Playhouse. While the 300 year old Italian home of architect Armin Blasblicher features rustic, vernacular elements like stacked logs, Blasblichler updated the house with whimsical, playful elements. He incorporated doors on ceilings, doors within doors, and a contemporary interpretation of stained glass inspired by Pantone color swatches, as pictured above. More at Gizmodo. Super-giant photo. The Culver Center of the Arts in Riverside, California is exhibiting the world’s largest photograph, created by the world’s largest camera. Lost at E Minor said the camera was fashioned from a converted airplane hangar with a 6mm opening in one its walls. At eleven stories long and three stories high, the resulting landscape photograph needed a 35 minute exposure. Blooming brownfields. Seattle is cleaning up its brownfields in South Lake Union. The district, once home to factories, paper mills, and other industries, fell into decline as businesses moved out. For decades, the sites lay abandoned, tainted with toxic chemicals. The city has issued large-scale cleanups that include removing contaminated soil and building materials. The area is in various phases of redevelopment, with new offices, residences, and shops opening, reported the Wall Street Journal. Un-knotting bikes. Knowhow Shop created a playful tongue-in-cheek bike rack for Roanoke, Virginia in the shape of a large comb, keeping bikes upright and tangle-free. Resting on its side, it is made from mangaris wood and supported by black steel bars that are supposed to resemble hair, posted Gizmodo.
Posts tagged with "brownfields":
The American Society of Landscape Architects has created a great step-by-step video demonstrating how to return a contaminated brownfield site into a real community asset. The video, appropriately titled From Industrial Wasteland to Community Park, traces an abandoned refinery on its way from bio-hazard to bio-helpful. The cleanup technique shown is called bioremediation, or reclamation through plants. Here's a little about the process from the ASLA:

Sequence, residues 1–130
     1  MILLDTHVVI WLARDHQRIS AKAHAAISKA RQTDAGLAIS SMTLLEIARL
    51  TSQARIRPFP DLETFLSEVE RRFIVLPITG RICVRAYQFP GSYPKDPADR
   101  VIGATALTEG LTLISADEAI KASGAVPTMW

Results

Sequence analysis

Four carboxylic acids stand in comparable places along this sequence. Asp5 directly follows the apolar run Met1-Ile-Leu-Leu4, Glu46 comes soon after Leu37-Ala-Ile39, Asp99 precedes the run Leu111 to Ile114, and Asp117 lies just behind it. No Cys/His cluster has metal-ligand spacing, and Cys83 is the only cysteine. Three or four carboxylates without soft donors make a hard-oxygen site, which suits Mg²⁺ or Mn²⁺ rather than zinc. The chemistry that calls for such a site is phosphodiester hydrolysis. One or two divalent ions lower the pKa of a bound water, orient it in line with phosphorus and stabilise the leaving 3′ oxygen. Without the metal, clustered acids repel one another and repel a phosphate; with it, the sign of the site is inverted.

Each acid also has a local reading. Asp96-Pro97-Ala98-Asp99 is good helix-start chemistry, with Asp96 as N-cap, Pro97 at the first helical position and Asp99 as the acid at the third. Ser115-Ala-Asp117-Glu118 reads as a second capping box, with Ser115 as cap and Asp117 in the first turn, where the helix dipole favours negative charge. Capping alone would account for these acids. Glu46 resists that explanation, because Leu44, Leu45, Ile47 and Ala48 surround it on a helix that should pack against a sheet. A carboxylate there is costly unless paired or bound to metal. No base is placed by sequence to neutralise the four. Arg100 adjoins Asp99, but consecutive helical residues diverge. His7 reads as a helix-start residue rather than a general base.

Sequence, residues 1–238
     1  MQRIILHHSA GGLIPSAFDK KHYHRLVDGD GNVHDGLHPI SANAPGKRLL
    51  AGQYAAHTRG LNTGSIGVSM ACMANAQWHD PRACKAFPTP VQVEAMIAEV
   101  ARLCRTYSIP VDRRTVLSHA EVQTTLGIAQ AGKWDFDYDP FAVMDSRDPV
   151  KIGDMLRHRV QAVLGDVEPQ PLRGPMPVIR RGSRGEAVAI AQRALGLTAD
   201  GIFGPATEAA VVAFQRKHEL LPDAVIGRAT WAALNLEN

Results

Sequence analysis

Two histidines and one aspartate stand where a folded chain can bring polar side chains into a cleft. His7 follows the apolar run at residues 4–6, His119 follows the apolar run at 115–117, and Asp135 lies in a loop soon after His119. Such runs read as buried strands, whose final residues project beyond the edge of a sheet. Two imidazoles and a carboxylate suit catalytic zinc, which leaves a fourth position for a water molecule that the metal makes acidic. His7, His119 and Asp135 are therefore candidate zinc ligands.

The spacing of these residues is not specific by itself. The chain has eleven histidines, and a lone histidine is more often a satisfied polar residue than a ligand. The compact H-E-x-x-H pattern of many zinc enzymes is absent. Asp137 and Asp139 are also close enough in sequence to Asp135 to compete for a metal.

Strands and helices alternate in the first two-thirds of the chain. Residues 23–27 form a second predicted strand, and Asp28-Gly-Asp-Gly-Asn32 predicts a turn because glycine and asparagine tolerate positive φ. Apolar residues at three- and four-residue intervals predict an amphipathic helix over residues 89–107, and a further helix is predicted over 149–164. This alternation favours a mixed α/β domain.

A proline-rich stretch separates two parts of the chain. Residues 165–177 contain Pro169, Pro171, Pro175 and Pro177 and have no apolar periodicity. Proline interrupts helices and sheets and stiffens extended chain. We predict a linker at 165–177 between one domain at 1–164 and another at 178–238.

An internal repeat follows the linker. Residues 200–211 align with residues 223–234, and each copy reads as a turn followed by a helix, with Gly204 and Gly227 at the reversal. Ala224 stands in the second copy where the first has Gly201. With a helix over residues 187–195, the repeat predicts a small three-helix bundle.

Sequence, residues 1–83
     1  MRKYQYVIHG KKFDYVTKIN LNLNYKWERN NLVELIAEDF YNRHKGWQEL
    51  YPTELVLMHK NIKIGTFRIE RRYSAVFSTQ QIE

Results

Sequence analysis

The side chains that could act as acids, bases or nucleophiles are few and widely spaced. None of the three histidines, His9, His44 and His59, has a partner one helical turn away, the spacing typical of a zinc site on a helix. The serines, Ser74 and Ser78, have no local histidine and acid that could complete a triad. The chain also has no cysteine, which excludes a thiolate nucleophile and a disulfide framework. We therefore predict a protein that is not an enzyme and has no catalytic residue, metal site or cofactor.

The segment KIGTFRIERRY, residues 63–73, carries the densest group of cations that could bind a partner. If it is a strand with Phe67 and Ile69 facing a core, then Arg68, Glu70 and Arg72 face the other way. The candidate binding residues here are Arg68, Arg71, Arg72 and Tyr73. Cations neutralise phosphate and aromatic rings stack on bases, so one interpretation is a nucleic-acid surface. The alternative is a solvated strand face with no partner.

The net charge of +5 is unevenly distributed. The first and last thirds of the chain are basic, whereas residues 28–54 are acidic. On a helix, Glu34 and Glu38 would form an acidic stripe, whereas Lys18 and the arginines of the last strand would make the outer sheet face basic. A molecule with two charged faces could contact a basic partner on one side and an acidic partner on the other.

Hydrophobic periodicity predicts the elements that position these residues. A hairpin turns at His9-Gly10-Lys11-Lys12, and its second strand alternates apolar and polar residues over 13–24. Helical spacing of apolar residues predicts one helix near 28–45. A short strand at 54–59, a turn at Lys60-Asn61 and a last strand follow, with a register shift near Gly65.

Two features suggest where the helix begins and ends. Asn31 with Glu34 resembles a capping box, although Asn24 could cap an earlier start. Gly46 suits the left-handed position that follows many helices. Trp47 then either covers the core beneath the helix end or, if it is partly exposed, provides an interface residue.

Bioremediation involves using plants, fungi, or soil microbes to clean up toxic brownfields. Some types of deep-rooted plants can even be used to remove toxic metals from the soil. One example is Thlaspi Caerulescens, commonly known as Alpine Pennycress. According to Cornell University researchers, a normal plant can only store about 100 parts per million (ppm) zinc and 1 ppm cadmium. Thlaspi can store up to 30,000 ppm zinc and 1,500 ppm cadmium in its shoots without being negatively affected. In fact, these types of plants thrive while restoring the brownfield to its natural state.[ Via The Dirt. ]
When developers began proposing sizable developments for the shores of the Gowanus Canal a few years ago, at best it was viewed as yet another gonzo deal conceived of those frothy boom years. At worst, it was a bad joke. After all, this is the same body of water known to carry STDs. And so, when the federal EPA agreed to consider the contaminated body of water for Superfund status, that could only be a good thing, right? Not if you're one of those developers, as the Observer reports today. Or, believe it or not, the Bloomberg administration. Writes Eliot Brown: